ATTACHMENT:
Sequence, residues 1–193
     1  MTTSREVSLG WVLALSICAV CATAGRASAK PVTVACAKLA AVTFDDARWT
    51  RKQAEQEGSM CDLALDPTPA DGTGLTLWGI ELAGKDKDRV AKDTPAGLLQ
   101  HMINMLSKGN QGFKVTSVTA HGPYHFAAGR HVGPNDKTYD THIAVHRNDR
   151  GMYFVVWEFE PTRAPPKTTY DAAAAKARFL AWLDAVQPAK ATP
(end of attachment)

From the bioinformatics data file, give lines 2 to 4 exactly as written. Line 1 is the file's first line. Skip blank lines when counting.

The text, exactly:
     1  MTTSREVSLG WVLALSICAV CATAGRASAK PVTVACAKLA AVTFDDARWT
    51  RKQAEQEGSM CDLALDPTPA DGTGLTLWGI ELAGKDKDRV AKDTPAGLLQ
   101  HMINMLSKGN QGFKVTSVTA HGPYHFAAGR HVGPNDKTYD THIAVHRNDR